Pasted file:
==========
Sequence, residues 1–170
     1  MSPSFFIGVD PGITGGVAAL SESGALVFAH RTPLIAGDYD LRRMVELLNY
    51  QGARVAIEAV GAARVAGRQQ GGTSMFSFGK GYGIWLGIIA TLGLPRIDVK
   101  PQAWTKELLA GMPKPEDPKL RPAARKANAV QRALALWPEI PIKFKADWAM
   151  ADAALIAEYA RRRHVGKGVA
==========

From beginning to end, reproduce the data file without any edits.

Sequence, residues 1–170
     1  MSPSFFIGVD PGITGGVAAL SESGALVFAH RTPLIAGDYD LRRMVELLNY
    51  QGARVAIEAV GAARVAGRQQ GGTSMFSFGK GYGIWLGIIA TLGLPRIDVK
   101  PQAWTKELLA GMPKPEDPKL RPAARKANAV QRALALWPEI PIKFKADWAM
   151  ADAALIAEYA RRRHVGKGVA